We were imprisoned in a small house at the end of our street, this was I may say, the military section, for the Japanese occupied the houses near us. Our sisters were allowed to send us food every day, clothes and some things we asked for. The Japanese guards only gave us a little rice three times a day.
On July 18th 1944, Mother Teresa and two sisters were allowed to come and see us for ten minutes as we were to leave for Manila the next day. It was a consolation, though a sad one, to see the sisters again, but the parting, with its uncertainties, was a real grief for us all. In the evening two Japanese officers came to inspect our baggage. We were allowed one valise and a parcel of bedding each. The officer after inspecting our baggage said to me: “Are all those teeth you have in your mouth yours?” – “No, I said, they are almost all false teeth.” – “Are they put in with gold,” he asked again, – “No, I replied, they are put in with a special cement which dentists have.” He looked at me distrustfully but did not insist. And I kept my teeth! If my teeth had been set in gold, I think he would have taken them from me.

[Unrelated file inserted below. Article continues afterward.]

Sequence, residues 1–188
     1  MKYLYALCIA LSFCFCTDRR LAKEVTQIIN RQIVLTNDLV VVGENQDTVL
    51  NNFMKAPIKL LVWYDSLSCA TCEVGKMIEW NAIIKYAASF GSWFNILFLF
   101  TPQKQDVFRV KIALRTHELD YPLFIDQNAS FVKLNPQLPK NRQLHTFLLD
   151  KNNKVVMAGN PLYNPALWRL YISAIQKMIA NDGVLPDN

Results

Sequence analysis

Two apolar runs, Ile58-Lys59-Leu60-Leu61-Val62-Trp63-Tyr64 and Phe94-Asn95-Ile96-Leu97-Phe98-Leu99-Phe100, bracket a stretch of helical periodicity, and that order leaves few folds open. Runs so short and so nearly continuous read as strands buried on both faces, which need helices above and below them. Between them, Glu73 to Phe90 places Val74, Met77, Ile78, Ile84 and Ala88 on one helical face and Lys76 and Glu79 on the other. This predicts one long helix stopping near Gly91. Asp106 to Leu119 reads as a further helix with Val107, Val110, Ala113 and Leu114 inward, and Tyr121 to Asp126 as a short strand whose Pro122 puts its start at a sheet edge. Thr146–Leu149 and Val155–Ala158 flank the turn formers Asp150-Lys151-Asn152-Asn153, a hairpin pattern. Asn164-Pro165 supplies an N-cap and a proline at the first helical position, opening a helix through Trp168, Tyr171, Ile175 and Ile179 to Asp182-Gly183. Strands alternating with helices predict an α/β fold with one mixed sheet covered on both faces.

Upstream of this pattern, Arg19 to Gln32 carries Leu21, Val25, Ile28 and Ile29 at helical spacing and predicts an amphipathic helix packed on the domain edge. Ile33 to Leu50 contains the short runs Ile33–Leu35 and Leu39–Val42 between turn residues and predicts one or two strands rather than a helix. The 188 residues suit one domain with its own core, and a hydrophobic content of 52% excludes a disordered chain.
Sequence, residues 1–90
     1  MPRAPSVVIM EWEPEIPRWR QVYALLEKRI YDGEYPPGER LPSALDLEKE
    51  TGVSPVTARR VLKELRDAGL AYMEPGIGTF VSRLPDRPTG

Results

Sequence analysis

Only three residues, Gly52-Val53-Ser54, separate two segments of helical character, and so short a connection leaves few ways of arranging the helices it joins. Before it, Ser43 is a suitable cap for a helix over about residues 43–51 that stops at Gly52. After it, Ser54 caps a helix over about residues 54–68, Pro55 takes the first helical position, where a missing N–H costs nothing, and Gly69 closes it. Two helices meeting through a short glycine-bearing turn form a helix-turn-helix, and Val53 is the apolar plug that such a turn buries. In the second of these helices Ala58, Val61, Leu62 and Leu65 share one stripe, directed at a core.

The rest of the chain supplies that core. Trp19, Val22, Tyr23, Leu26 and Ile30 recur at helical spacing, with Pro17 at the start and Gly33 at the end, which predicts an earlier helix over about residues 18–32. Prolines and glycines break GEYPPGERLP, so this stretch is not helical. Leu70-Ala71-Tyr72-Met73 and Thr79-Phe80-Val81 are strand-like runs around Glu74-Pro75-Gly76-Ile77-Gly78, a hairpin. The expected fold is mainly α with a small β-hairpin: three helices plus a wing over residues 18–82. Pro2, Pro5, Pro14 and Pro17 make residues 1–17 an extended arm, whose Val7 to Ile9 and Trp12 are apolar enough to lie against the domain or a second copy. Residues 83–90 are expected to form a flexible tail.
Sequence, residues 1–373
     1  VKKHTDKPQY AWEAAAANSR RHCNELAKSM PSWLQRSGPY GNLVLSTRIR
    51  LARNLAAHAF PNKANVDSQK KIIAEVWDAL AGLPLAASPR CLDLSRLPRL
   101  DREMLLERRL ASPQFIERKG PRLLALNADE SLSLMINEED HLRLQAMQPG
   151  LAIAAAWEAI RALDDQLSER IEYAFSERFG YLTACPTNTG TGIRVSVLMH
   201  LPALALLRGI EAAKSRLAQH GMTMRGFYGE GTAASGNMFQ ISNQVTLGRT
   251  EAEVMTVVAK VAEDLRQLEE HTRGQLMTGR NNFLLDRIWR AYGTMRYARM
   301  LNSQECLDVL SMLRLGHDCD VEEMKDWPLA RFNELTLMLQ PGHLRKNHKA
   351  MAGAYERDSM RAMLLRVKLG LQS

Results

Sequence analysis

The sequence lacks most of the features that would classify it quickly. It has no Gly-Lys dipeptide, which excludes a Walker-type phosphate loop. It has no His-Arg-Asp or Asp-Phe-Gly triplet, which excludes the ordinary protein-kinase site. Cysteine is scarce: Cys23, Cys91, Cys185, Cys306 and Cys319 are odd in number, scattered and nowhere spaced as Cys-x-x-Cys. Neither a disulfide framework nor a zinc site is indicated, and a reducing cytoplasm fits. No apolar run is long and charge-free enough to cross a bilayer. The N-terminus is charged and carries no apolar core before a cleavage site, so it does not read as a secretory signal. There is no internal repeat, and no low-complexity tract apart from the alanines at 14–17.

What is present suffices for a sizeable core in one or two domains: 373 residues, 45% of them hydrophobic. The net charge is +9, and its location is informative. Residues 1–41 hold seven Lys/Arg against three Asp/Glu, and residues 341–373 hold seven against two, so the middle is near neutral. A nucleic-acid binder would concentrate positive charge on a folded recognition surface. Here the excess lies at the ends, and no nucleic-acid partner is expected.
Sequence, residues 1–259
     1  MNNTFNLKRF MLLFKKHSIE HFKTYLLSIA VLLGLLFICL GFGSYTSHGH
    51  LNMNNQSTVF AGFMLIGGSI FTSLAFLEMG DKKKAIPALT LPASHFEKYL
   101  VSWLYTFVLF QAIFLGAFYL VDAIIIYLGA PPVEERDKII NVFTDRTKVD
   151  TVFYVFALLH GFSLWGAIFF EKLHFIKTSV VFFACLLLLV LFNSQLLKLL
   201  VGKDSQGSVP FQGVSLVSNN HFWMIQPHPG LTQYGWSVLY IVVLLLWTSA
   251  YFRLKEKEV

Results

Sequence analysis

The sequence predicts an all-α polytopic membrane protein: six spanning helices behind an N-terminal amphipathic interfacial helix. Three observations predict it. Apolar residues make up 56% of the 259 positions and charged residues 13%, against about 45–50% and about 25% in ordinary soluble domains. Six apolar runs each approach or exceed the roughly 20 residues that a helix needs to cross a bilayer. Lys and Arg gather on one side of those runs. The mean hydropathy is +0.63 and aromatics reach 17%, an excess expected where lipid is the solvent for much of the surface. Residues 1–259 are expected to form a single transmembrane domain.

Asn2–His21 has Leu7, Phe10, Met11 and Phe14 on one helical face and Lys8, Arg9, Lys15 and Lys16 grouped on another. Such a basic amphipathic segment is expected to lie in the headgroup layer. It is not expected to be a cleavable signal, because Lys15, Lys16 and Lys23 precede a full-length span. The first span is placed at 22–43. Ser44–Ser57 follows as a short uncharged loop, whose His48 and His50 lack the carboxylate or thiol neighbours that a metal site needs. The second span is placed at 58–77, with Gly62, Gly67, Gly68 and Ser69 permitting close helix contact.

The next morning we were taken to the port in a police wagon. We were put in the hold of a small boat with six men prisoners. Four of them were the fathers of some of our own pupils, they had been condemned to hard labour for hiding a radio. They were very gentlemanly and respectful but the conditions in which we were placed were very painful for us all. We had to take off our shoes, and to sit on the floor night and day. I did not lie down once during those eight nights. In the day time we stood up from time to time to change our position. Our voyage to Manila was very long because the boat went slowly and we stayed three days and three nights at Cebu. Three times a day the Japanese guards gave us a little rice and some water. Sometimes at 12 o’clock, a little green vegetable was added.